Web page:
American one should be lean and advisoryjust 15 distinguished
individuals, five from each of the countries. Their task would be
to help the leaders think continentally. To deal with immigration
and customs at the border, they could propose North American
passports for frequent travelers, or that North American
customs and immigration officers patrol the perimeter, and
subsequently reduce documentation by half. Instead of grading each
others behavior against drug traffickers, as Washington currently
does, we could work more effectively as partners.
Illegal immigration will not be reduced until the income gap between
Mexico and its northern neighbors is reduced. The European Union
lifted its poorest countriesSpain, Portugal, Ireland and Greeceand
we could learn from their experience. From 198699, per capita
GDP of those countries rose from 65 percent to 78 percent of the
EU average, and emigration slowed markedly. The astonishing progress
was due in part to free trade and foreign investment, but mostly
to the transfer of aid that amounted to 24 percent of the
recipients GDP. The most effective resulting projects were
in infrastructure and education.
NAFTA is deliberately laissez faire, but the result is that most
foreign investment has concentrated in the congested, polluted border
area between the United States and Mexico, where it has served as
a magnet attracting workers from the heart of Mexico. From there,
many immigrate illegally to the United States. In other words, the
absence of a strategy has meant that NAFTA has been encouraging
illegal migration, not reducing it.
Foreign companies would prefer to invest in the interior (where
the workforce would be more stable), but the roads and infrastructure
are inadequate. The World Bank estimates Mexico needs $20 billion
a year for 10 years just for infrastructure.
The three leaders should establish a North American Development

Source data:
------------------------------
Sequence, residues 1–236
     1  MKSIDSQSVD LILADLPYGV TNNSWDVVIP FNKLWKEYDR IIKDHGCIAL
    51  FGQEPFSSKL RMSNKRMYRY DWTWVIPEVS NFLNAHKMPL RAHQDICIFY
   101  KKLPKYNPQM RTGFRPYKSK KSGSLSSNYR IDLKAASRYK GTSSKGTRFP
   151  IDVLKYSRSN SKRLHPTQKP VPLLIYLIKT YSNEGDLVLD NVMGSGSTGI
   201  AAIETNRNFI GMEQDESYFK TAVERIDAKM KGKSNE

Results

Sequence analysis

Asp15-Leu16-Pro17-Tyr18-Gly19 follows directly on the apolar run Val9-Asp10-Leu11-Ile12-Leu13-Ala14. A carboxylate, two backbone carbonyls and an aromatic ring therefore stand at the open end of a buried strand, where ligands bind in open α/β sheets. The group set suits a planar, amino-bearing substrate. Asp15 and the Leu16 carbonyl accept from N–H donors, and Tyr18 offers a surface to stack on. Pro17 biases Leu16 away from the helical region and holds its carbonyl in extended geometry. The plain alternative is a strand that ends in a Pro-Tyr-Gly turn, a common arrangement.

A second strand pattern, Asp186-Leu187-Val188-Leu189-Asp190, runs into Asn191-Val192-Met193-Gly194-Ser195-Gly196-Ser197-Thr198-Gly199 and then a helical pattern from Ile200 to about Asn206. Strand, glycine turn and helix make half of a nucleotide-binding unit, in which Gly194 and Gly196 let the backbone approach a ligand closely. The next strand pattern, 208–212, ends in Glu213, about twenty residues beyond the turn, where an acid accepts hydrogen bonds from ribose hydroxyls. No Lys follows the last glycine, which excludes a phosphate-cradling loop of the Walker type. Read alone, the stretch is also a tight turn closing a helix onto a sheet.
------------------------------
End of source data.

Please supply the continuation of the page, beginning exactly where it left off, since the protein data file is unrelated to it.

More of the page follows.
Fund, whose priority would be to connect the border to central and
southern Mexico. If roads were built, investors would come, immigration
would decline and income disparities would narrow. If Mexicos
growth rate leapt to twice that of its neighbors, the psychology
of the people and their relationships would be transformed.
There is much more that a North American Commission could proposea
continental plan for infrastructure and transportation, a plan for
harmonizing regulatory policies, a customs union, a common currency.
But the boldest accomplishment would be a Development Fund. The
three leaders should not create a new bureaucracy; the World Bank
and the Inter-American Development Bank could administer it. But
it will need an injection of funding comparable to the Alliance
The three North American governments could contribute in proportion
to their wealth, but the United States needs to lead. Fox has focused
on migration because he knows that Mexicans want respect from United
States, but the only solution to our relationship is narrowing the
income disparities between our two countries. That should be the
building block of a new community. Then, we all would begin to think
of ourselves proudly as North Americans.